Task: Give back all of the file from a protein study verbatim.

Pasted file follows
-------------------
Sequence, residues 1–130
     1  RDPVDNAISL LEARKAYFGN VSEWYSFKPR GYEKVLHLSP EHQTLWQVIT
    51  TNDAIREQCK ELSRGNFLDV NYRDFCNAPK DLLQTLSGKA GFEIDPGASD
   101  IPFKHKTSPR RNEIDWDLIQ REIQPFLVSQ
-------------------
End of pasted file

Sequence, residues 1–130
     1  RDPVDNAISL LEARKAYFGN VSEWYSFKPR GYEKVLHLSP EHQTLWQVIT
    51  TNDAIREQCK ELSRGNFLDV NYRDFCNAPK DLLQTLSGKA GFEIDPGASD
   101  IPFKHKTSPR RNEIDWDLIQ REIQPFLVSQ